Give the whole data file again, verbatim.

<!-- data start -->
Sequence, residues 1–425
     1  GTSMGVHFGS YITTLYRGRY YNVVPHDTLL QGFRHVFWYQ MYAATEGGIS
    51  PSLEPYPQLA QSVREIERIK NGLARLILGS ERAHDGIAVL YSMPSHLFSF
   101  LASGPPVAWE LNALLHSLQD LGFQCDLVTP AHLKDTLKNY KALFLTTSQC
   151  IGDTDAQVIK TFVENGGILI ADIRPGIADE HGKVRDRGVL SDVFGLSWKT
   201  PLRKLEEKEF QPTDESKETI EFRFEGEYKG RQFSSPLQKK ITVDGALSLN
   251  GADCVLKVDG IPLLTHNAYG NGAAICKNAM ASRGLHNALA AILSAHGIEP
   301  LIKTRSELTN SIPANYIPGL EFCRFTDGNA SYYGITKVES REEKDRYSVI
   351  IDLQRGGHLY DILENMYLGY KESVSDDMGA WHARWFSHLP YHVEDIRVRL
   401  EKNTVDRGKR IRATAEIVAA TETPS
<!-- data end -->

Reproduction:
Sequence, residues 1–425
     1  GTSMGVHFGS YITTLYRGRY YNVVPHDTLL QGFRHVFWYQ MYAATEGGIS
    51  PSLEPYPQLA QSVREIERIK NGLARLILGS ERAHDGIAVL YSMPSHLFSF
   101  LASGPPVAWE LNALLHSLQD LGFQCDLVTP AHLKDTLKNY KALFLTTSQC
   151  IGDTDAQVIK TFVENGGILI ADIRPGIADE HGKVRDRGVL SDVFGLSWKT
   201  PLRKLEEKEF QPTDESKETI EFRFEGEYKG RQFSSPLQKK ITVDGALSLN
   251  GADCVLKVDG IPLLTHNAYG NGAAICKNAM ASRGLHNALA AILSAHGIEP
   301  LIKTRSELTN SIPANYIPGL EFCRFTDGNA SYYGITKVES REEKDRYSVI
   351  IDLQRGGHLY DILENMYLGY KESVSDDMGA WHARWFSHLP YHVEDIRVRL
   401  EKNTVDRGKR IRATAEIVAA TETPS